Compare any two graphics cards:
GeForce GT 430 1GB vs Radeon HD 5450
IntroThe GeForce GT 430 1GB makes use of a 40 nm design. nVidia has clocked the core frequency at 700 MHz. The GDDR3 memory runs at a frequency of 900 MHz on this particular card. It features 96 SPUs as well as 16 Texture Address Units and 4 Rasterization Operator Units.
Compare all of that to the Radeon HD 5450, which comes with a clock frequency of 650 MHz and a DDR3 memory speed of 800 MHz. It also uses a 64-bit memory bus, and makes use of a 40 nm design. It is made up of 80(16x5) SPUs, 8 Texture Address Units, and 4 Raster Operation Units.
(No game benchmarks for this combination yet.)
Power Usage and Theoretical Benchmarks
Power Consumption (Max TDP)
In theory, the GeForce GT 430 1GB should be 125% faster than the Radeon HD 5450 overall, because of its greater data rate. (explain)
Texel RateThe GeForce GT 430 1GB should be a lot (approximately 115%) faster with regards to AF than the Radeon HD 5450. (explain)
Pixel RateIf running with a high resolution is important to you, then the GeForce GT 430 1GB is a better choice, though not by far. (explain)
Please note that the above 'benchmarks' are all just theoretical - the results were calculated based on the card's specifications, and real-world performance may (and probably will) vary at least a bit.
Price ComparisonPlease note that the price comparisons are based on search keywords, and might not be the exact same card listed on this page. We have no control over the accuracy of their search results.
Memory Bandwidth: Bandwidth is the largest amount of information (counted in megabytes per second) that can be moved past the external memory interface in one second. It is calculated by multiplying the interface width by its memory clock speed. If the card has DDR type RAM, it must be multiplied by 2 again. If DDR5, multiply by 4 instead. The higher the card's memory bandwidth, the faster the card will be in general. It especially helps with AA, High Dynamic Range and higher screen resolutions.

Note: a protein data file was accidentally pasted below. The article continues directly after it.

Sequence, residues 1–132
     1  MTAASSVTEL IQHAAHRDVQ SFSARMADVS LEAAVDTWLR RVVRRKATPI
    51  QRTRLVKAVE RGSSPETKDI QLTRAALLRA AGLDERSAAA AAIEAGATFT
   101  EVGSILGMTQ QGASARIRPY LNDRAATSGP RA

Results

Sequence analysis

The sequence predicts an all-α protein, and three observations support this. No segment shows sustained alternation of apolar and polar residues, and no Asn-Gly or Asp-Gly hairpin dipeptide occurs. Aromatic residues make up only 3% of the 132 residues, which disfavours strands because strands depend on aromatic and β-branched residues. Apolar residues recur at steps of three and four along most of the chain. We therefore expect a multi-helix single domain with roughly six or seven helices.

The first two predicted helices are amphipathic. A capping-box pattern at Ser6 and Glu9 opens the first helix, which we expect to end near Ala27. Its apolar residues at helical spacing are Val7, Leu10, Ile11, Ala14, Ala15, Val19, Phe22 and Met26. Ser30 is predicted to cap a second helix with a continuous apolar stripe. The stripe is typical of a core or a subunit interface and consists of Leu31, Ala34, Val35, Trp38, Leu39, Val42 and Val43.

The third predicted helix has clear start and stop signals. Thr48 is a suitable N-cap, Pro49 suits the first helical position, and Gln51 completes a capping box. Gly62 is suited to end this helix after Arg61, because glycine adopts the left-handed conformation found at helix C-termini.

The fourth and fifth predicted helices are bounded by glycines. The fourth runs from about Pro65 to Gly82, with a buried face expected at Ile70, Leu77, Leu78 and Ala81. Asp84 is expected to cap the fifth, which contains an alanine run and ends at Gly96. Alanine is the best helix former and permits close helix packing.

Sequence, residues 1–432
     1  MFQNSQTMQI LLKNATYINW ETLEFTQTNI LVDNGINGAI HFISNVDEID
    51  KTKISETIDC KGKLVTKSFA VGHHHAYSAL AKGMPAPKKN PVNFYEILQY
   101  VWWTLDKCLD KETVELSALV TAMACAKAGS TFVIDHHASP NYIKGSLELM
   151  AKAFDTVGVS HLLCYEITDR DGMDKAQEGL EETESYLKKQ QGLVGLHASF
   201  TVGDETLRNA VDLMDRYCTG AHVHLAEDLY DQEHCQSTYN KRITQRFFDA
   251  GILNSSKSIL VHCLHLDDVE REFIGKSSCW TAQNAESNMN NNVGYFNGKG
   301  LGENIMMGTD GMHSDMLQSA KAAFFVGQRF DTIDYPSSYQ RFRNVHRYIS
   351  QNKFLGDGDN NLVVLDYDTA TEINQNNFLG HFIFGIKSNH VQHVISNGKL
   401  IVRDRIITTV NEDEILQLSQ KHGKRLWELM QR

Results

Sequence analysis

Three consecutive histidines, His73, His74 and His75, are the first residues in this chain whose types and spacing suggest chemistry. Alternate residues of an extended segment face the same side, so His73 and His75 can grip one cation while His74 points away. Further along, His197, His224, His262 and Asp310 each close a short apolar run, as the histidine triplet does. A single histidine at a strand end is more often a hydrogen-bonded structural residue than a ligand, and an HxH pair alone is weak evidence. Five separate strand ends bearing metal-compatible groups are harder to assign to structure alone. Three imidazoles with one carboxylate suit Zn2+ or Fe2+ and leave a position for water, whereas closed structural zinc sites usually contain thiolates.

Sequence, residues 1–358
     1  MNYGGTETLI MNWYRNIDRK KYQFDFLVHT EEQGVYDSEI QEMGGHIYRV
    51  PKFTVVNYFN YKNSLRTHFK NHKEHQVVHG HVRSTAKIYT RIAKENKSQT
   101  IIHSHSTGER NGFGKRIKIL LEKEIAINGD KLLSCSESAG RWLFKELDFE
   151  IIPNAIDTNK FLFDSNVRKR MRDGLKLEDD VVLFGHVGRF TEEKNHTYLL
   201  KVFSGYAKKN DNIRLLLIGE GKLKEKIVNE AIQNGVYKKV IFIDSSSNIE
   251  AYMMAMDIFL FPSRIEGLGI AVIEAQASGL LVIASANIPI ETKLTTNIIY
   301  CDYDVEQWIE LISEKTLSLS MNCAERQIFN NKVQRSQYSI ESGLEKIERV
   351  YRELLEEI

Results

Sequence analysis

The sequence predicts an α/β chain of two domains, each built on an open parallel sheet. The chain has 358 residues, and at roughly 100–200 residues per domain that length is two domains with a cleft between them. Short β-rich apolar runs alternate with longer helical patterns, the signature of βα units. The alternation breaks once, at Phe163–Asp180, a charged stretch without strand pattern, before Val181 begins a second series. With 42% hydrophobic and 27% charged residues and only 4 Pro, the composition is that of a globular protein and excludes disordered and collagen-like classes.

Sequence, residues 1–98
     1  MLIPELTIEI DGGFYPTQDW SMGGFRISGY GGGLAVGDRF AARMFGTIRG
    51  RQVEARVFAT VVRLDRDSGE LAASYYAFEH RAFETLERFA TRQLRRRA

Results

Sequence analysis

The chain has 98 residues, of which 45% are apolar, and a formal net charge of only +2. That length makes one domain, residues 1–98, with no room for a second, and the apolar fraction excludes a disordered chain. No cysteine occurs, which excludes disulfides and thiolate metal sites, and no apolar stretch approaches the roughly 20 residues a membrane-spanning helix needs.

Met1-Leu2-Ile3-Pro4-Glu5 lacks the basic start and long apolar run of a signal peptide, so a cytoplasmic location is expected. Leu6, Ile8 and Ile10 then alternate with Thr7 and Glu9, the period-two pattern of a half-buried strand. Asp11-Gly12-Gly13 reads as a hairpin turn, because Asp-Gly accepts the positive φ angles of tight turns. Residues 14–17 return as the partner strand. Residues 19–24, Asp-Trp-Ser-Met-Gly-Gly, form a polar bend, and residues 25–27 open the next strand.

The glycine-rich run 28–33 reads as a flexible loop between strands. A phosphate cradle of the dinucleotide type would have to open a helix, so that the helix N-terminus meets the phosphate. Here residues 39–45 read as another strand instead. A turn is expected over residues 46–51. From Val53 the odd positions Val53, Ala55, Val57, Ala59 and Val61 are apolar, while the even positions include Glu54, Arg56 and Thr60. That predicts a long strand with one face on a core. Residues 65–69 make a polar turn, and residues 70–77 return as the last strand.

Texel Rate: Texel rate is the maximum texture map elements (texels) that are applied in one second. This number is worked out by multiplying the total texture units by the core speed of the chip. The better the texel rate, the better the video card will be at handling texture filtering (anisotropic filtering - AF). It is measured in millions of texels applied per second.
Pixel Rate: Pixel rate is the maximum number of pixels the graphics card can possibly record to the local memory in a second - measured in millions of pixels per second. The figure is worked out by multiplying the number of ROPs by the the core clock speed. ROPs (Raster Operations Pipelines - aka Render Output Units) are responsible for drawing the pixels (image) on the screen. The actual pixel output rate also depends on lots of other factors, most notably the memory bandwidth of the card - the lower the bandwidth is, the lower the potential to get to the maximum fill rate.